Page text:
The World Bank says the successful implementation of the African Continental Free Trade Area (AfCFTA) would offer a vital recovery from the Coronavirus outbreak.
The African continent has not been spared the rage of the pandemic which set out last year with economic growth for Africa projected to decline from 2.4 percent in 2019 to between -2.1 percent to -5.1 percent in 2020, according to the World Bank.
This meant the first economic recession for Africa in the past quarter of a century with the World Bank further projecting the pandemic would cost Africa US$37 billion and US$79 billion in terms of output losses for 2020.
“A successful implementation of AfCFTA would be crucial. In the short term, the agreement would help cushion the negative effects of COVID-19 on economic growth by supporting regional trade and value chains through the reduction of trade costs. In the longer term, AfCFTA would allow countries to anchor expectations by providing a path for integration and growth-enhancing reforms,” the World Bank said in a report.
The Breton Woods institutions add that the coronavirus pandemic is currently resulting in increased food insecurity in Africa amid slowdowns in demand and supply chains.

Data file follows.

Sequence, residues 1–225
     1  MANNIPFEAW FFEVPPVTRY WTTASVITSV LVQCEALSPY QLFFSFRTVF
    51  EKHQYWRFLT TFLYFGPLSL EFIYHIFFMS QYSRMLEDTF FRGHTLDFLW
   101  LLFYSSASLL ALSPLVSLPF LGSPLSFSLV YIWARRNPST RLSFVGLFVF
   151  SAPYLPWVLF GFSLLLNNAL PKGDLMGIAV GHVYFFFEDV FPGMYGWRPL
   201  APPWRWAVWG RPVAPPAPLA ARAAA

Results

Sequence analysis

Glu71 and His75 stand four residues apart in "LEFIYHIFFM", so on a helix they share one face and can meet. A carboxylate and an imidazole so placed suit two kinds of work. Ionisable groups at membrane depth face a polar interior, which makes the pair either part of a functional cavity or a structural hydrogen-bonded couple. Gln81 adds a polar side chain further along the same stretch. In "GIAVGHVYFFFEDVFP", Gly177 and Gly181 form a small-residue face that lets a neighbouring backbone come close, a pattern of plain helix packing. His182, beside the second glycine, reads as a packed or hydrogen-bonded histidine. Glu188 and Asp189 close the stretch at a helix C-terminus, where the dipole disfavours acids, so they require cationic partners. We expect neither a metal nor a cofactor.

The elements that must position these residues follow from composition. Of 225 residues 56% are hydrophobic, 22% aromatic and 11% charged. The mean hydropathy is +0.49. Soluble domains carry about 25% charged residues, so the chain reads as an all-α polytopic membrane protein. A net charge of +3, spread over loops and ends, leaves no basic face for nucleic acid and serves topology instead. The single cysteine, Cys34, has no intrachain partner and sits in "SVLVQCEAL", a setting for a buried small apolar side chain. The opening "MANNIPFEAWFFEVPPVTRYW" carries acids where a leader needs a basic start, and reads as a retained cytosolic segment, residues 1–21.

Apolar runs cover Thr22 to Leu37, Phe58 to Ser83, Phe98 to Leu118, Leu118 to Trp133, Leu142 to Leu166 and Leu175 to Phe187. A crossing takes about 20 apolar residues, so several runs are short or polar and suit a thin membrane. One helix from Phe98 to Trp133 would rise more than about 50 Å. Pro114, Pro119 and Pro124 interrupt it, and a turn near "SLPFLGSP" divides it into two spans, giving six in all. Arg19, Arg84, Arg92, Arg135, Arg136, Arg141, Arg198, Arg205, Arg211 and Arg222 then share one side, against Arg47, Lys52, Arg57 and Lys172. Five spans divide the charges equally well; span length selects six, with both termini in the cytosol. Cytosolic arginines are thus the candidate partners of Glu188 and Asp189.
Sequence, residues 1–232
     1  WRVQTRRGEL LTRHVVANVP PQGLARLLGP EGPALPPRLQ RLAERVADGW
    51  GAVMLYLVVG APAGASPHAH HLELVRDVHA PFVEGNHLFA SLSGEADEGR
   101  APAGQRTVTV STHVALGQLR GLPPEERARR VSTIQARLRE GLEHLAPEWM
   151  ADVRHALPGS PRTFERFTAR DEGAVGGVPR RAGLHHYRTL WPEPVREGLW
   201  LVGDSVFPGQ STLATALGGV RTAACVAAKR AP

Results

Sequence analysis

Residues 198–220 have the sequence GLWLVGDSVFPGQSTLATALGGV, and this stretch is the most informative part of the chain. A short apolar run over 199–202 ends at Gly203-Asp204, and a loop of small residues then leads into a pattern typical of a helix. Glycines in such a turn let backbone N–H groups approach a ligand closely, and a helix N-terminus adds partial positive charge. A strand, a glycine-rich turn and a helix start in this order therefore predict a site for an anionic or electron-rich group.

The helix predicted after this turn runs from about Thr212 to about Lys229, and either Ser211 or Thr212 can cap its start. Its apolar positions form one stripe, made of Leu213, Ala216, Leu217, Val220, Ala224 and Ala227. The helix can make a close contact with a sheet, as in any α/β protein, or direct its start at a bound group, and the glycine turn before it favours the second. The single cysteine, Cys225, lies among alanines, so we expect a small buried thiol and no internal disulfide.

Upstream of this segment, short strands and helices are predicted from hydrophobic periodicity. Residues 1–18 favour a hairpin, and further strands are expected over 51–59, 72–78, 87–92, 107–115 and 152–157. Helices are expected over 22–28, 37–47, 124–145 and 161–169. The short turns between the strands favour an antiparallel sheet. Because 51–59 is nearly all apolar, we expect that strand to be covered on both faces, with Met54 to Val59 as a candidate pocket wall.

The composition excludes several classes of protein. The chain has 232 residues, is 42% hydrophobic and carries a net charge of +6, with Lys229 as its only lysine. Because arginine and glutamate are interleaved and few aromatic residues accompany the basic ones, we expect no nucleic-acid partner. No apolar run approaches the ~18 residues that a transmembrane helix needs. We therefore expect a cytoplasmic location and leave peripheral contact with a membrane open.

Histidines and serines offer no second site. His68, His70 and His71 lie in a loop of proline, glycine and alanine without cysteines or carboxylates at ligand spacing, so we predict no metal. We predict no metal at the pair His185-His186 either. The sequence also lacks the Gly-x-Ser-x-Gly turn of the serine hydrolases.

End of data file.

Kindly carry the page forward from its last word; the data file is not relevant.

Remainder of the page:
“In Sub-Saharan Africa, this will disproportionately impact household welfare as a result of price increases and supply shortages. Welfare losses would amount to 14 percent relative to the no-COVID-19 scenario if countries were to close their borders to trade”
“Furthermore, border closings, which were intended to stop the importation of the virus to other countries, have disproportionally affected the poor, particularly small-scale cross-border traders, agricultural workers, and unskilled workers in the informal sector,” the World Bank said.
“It is for these reasons that the Breton Woods institution sees an advantage in the continental trade deal which will create the largest free trade area in the world, measured by the number of countries participating, saying it will boost trade and other economic activities to help countries come back to a path of growth,” the Bank added.
Trading on the AfCFTA was tipped to start on July 1, 2020, but suffered a setback as a result of the novel Coronavirus pandemic leading to the suspension of negotiations.
The Intra-African trade pact would witness 90 percent of all goods traded enjoy a tariff-free regime from January 1, 2021, for all countries that have signed agreements and deposited their instruments of AfCFTA ratification.
With some 54 out of 55 African countries participating in the single trade market pact, the AfCFTA would have the largest number of member countries in any trade deal since the formation of the World Trade Organization.
Accra, Ghana currently serves as the Secretariat of AfCFTA and was commissioned and handed over to the African Union by President Nana Addo Dankwa Akufo-Addo on August 17, 2020, in Accra.